With the world moving more and more towards sustainable goals to protect the ecosystem, the apparel and footwear industry, which accounts for almost 10% of the global greenhouse gas emissions, has had to move towards a more sustainable future as well. The talk of conscious or sustainable clothing is everywhere, and almost every known brand is aiming to build its own range of conscious clothing. Big brands, including retail behemoths like Zara, Mango, and H&M, have attempted to develop their own line of conscious clothing. The application of lean manufacturing or lean production comes into play within the same context. The attempt would be to understand what lean production exactly is and the four ways it could be applied to any new apparel enterprise.
Lean Manufacturing or Lean production could be explained as a systematized approach towards building a production cycle that requires the least possible time for production. It is achieved so by eliminating the process of waste production through rigorous and continuous alterations. The aim is to make the operation extremely efficient by creating a system that consists of steps that add some value to the process and cannot be skipped. To put it in simpler terms, lean production could be defined as a way of manufacturing in which there is little to no wastage of material, time, or energy. The apparel industry at large and just sewn products, in general, must constantly attempt to improve its product quality and production methods because of its hyper-competitive nature. In such an industry, the method of lean production is appropriate because it aims at achieving absolute operational efficiency while reducing costs. The ways in which lean production helps in achieving better results in the apparel industry would be:
There are several tools that could be applied for achieving lean production. The four best tools that can be applied to an apparel and footwear industry has been listed below:
5S could be considered as one of the preliminary steps to achieve lean production. It comes from the Japanese 5S which is seiri, seiketsu, seiso, seiton and shitsuke. When translated in English, the 5S stands for sort, set, shine, standardize and sustain. The adoption of these 5S helps in achieving a more organized and clean workplace. It does so by continuously identifying problems and waste in the production methods and replacing them with non-redundant processes.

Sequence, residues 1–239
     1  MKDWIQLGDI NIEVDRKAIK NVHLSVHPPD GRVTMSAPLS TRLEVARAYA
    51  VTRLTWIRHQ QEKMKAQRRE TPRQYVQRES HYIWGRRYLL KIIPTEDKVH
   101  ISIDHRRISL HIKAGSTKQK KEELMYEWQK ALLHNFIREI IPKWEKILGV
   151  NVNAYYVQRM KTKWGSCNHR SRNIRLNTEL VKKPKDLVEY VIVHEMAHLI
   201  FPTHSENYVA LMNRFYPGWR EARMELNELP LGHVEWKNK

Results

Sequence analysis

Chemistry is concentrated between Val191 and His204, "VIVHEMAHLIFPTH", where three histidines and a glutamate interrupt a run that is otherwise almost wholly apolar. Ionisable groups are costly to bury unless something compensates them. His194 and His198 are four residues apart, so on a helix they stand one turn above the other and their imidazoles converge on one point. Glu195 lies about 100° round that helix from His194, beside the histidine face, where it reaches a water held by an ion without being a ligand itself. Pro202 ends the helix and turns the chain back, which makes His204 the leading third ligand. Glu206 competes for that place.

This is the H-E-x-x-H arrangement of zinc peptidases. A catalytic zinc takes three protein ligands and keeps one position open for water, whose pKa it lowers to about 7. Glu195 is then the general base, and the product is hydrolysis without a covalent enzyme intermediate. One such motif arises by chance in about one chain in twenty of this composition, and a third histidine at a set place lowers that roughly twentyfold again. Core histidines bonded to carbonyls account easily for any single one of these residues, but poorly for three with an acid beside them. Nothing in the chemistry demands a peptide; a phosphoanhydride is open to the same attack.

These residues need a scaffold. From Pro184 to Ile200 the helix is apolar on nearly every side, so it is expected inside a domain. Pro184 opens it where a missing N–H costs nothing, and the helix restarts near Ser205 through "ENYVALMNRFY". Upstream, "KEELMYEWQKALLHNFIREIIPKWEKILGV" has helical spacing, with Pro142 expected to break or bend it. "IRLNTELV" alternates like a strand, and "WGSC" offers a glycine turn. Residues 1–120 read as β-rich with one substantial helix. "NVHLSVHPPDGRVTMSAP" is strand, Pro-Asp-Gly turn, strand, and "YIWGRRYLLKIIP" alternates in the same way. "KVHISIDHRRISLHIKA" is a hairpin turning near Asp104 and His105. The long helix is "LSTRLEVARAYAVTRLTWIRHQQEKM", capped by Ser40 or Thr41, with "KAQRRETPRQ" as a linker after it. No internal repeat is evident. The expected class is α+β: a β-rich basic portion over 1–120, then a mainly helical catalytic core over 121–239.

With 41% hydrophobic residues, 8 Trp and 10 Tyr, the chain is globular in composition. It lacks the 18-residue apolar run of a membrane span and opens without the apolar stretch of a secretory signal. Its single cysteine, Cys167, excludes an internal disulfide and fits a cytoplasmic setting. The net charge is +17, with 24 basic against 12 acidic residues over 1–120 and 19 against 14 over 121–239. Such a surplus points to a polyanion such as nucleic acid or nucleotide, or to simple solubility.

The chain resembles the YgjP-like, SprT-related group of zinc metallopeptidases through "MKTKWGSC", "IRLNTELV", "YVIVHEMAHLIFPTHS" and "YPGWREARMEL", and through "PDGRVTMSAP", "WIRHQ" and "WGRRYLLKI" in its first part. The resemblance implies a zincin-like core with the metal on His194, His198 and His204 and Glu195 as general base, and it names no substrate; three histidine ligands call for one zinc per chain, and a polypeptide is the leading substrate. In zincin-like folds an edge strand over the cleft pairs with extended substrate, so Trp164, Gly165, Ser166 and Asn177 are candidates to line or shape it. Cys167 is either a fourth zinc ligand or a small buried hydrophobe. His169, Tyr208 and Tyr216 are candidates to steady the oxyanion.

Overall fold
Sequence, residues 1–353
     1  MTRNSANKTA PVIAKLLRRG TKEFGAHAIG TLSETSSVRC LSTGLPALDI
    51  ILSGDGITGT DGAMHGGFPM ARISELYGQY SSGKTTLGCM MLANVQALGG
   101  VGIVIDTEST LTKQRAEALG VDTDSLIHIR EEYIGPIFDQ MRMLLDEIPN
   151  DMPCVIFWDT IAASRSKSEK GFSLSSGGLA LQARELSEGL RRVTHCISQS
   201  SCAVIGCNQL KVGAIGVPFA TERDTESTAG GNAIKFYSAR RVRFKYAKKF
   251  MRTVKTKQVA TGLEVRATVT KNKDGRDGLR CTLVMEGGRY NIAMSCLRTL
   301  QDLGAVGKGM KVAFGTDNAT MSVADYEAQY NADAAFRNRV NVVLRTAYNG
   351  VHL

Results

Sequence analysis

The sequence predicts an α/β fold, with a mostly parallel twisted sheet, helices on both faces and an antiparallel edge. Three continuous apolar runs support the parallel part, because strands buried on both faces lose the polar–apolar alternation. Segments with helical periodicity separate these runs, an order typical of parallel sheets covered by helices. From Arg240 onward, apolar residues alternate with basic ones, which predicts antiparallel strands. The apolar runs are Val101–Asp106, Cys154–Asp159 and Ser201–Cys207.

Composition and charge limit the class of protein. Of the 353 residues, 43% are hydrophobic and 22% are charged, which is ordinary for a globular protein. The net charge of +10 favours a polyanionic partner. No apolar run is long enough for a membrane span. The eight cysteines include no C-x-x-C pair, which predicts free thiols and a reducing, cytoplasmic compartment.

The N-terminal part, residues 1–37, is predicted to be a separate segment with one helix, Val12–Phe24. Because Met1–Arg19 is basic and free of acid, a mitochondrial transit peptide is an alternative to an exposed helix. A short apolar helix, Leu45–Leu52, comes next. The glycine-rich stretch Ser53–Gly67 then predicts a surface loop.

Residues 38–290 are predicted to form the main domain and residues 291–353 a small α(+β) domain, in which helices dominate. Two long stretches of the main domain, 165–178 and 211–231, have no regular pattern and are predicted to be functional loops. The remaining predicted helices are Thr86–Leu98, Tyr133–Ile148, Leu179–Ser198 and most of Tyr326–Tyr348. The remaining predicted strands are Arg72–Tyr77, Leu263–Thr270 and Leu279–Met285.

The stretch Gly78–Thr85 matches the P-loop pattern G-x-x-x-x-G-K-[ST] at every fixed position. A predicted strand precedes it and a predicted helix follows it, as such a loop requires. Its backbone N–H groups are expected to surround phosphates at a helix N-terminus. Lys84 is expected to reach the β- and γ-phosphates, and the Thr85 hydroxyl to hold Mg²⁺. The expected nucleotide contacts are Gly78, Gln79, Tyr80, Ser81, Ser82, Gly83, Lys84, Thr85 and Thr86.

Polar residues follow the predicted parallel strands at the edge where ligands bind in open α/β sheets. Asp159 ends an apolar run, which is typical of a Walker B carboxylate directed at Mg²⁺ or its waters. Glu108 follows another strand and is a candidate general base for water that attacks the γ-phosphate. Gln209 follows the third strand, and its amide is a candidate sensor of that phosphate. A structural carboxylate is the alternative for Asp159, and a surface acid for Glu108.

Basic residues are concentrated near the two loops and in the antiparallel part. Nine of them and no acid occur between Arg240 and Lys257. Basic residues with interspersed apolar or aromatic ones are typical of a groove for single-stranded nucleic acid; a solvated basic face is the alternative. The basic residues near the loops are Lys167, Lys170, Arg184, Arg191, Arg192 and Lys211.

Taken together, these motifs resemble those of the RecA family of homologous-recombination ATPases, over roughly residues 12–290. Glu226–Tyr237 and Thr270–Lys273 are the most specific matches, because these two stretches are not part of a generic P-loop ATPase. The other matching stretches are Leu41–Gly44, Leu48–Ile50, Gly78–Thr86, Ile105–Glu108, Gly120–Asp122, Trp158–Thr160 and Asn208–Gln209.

This is yet another tool of lean production that originates from the Japanese word ‘kai,' which means continuous, and ‘zen,’ which means improvement. The word, therefore, roughly translates in English to ‘continuous improvement.’ This process requires no external investment. Changes are made on every level of production, from operations to manufacturing to marketing to retail, to optimize the production.
This is probably the most powerful lean production tool. It documents the best practice, which is the underlining factor for kaizen or continuous improvement. When the current standard is improved, the goal is to make the new standard the underlining factor for further improvements, and the process goes on. It is, therefore, an eternal cycle where there is no limit to making improvements to the standardized work. Standardized work primarily consists of three parts:
This tool helps to mistake-proof and eliminate errors at the very inception of the manufacturing process. It helps in detecting errors and correcting them even before the next step of the operation is reached. Poka-Yoke, therefore, helps in the prevention of damage to the apparel produced and the machinery used at the same time.
The four ways discussed can be used without much hassle in any garment manufacturing enterprise. The adoption of lean production is predicted to be the future of not just the apparel industry but also every manufacturing industry out there. It reduces the production of waste remarkably and, therefore, makes industries profitable and a lesser threat to the environment. Lean production thus can be deemed as the governing factor for emerging apparel brands.